Armenian Genocide Warning by Far-Right Turkish Lawmaker Prompts Criminal Complaint

A criminal complaint has been filed against a far-right Turkish politician for tweets about the mass killings of Armenians, amid a heated debate over the topic in the days since President Joe Biden recognized the deaths as genocide.

The Human Rights Association in Turkey filed the complaint against the independent lawmaker Ümit Özdağ, who engaged in a Twitter spat with Garo Paylan, a Turkish politician of Armenian descent.

On April 24, Armenian Genocide Remembrance Day, Biden said: "Each year on this day, we remember the lives of all those who died in the Ottoman-era Armenian genocide."

The government in Yerevan celebrated the president's comments, but they sparked a rebuke from Ankara. On the same day, Paylan wrote on Twitter about his unhappiness that streets and schools in Turkey were still named after Talaat Pasha.

Pasha was an Ottoman politician and one of the leaders who ordered the exile of Ottoman Armenians in 1915. Armenia says around 1.5 million people died in a planned operation that constituted genocide.

Armenian genocide protester
Protesters outside the Turkish ambassador's residence in Washington, D.C. on April 24. President Joe Biden has recognized the mass killings of Armenians as a "genocide." Samuel Corum/Getty Images

"After 106 years, we walk on streets named after Talaat Pasha, the architect of the Genocide," Paylan tweeted, according to a translation from Turkish. Germany, he pointed out, did not have streets or schools named after Adolf Hitler.

Özdağ replied, telling Paylan to "go to hell." He tweeted: "Talaat Pasha didn't expel patriotic Armenians but those who stabbed us in the back like you. When the time comes, you'll also have a Talaat Pasha experience and you should have it."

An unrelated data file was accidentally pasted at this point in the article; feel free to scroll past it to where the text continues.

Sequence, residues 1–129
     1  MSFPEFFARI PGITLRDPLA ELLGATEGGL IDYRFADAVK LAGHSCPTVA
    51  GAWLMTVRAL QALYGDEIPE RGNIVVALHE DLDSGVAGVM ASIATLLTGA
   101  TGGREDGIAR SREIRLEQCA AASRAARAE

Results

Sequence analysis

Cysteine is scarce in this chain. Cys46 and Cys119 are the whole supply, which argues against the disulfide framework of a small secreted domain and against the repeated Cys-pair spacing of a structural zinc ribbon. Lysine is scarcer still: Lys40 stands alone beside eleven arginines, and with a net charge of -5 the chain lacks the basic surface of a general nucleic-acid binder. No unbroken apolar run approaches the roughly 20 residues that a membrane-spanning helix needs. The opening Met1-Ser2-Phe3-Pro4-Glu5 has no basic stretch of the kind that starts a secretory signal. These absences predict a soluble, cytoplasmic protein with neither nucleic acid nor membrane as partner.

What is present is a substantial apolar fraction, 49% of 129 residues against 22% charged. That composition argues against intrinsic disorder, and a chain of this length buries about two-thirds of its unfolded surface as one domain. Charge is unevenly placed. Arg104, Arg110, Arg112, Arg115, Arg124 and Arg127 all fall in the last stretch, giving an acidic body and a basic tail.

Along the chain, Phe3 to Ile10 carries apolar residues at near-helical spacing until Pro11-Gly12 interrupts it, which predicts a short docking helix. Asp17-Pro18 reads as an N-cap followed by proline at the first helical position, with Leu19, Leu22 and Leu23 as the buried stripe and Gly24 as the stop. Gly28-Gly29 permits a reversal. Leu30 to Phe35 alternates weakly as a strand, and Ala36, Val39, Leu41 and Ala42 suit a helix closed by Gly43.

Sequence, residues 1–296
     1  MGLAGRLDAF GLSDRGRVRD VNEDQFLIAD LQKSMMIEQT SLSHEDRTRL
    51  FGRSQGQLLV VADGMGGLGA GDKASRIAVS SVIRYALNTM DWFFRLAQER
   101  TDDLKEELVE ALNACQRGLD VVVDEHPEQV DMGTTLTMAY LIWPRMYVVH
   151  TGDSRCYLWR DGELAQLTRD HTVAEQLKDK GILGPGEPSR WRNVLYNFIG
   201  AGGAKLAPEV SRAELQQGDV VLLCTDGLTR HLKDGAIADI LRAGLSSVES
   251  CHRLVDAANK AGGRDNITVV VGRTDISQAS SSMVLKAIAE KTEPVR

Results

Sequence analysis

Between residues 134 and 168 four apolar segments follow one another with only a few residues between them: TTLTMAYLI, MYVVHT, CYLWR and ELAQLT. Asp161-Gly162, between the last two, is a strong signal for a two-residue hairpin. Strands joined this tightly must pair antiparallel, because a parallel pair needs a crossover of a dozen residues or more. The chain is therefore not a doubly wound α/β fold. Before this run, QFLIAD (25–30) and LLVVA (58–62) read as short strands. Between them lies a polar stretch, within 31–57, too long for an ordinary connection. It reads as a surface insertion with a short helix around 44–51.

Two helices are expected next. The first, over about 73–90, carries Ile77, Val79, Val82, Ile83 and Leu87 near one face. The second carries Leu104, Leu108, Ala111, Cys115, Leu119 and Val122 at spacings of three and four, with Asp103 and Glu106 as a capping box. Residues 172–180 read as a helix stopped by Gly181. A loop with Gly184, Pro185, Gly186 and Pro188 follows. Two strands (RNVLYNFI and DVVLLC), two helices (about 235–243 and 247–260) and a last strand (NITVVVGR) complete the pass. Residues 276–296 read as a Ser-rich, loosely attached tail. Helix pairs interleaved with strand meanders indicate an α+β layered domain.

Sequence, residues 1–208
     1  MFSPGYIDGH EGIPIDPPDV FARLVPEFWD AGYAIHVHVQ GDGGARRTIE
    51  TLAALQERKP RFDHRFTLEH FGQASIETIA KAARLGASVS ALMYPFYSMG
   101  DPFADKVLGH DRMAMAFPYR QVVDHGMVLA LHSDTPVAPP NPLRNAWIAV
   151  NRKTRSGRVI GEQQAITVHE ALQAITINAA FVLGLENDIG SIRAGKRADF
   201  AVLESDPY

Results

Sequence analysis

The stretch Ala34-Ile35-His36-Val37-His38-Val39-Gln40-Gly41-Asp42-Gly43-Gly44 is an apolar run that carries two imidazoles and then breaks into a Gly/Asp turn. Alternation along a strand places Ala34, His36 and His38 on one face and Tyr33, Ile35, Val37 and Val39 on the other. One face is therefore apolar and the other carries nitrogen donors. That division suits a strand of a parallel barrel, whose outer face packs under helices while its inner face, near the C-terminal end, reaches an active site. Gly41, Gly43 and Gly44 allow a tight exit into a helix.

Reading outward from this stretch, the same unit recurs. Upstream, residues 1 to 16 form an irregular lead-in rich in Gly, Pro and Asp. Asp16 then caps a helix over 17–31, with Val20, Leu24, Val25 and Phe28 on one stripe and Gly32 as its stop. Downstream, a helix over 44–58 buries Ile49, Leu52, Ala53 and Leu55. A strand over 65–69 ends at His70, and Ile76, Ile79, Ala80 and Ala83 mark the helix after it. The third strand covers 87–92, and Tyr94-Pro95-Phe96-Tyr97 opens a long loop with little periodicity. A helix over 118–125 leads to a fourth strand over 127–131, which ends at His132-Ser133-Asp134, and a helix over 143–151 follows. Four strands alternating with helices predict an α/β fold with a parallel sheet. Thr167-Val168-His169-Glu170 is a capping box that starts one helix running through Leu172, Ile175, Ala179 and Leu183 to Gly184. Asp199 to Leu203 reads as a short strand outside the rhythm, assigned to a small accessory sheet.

The pair then exchanged a flurry of tweets, with Paylan calling Özdağ a "fascist" and adding: "Those left behind never give up the struggle for justice."

Paylan, a member of parliament from the Peoples' Democratic Party—the only Turkish political party to recognize the killings as genocide—told the magazine Duvar: "Our country is in an atmosphere of hate and the political scene ignores these hate speeches."

The Human Rights Association's complaint requests that a lawsuit be filed against Özdağ under Articles 106 and 216 of the Turkish Penal Code, which cover threats and provoking public hatred.

The organisation is also seeking a discrimination charge under the European Convention on Human Rights, press agency Bianet reported.

Özdağ, who is described by Turkish news outlets as a far-right politician, now sits as an independent member of parliament. He was previously removed from senior posts in the Nationalist Movement Party and the IYI Party.

Newsweek has contacted Özdağ for comment.

In a statement, the Human Rights Association told Newsweek the complaint was now in the records of the office of the public prosecutor.

"If the prosecutor sees fit, they will invite Mr. Özdağ for a deposition and continue with the investigation. Yet, in practice, prosecutors deliver non-prosecution decisions most of the time in such cases, which means there will be no trial," the group added.

Yerevan celebrated Biden's decision to go further than his predecessors in describing the massacre of Armenians in 1915 and 1916 as genocide.

Ankara acknowledges that deaths occurred, but rejects the idea that there was any systemic or organised effort—and the use of the term genocide. Biden's statement has strained U.S. ties with its NATO partner. Mevlüt Çavuşoğlu, Turkey's foreign minister, said: "We will not be given lessons on our history from anyone."

This story has been updated to include a statement to Newsweek by the Human Rights Association in Turkey.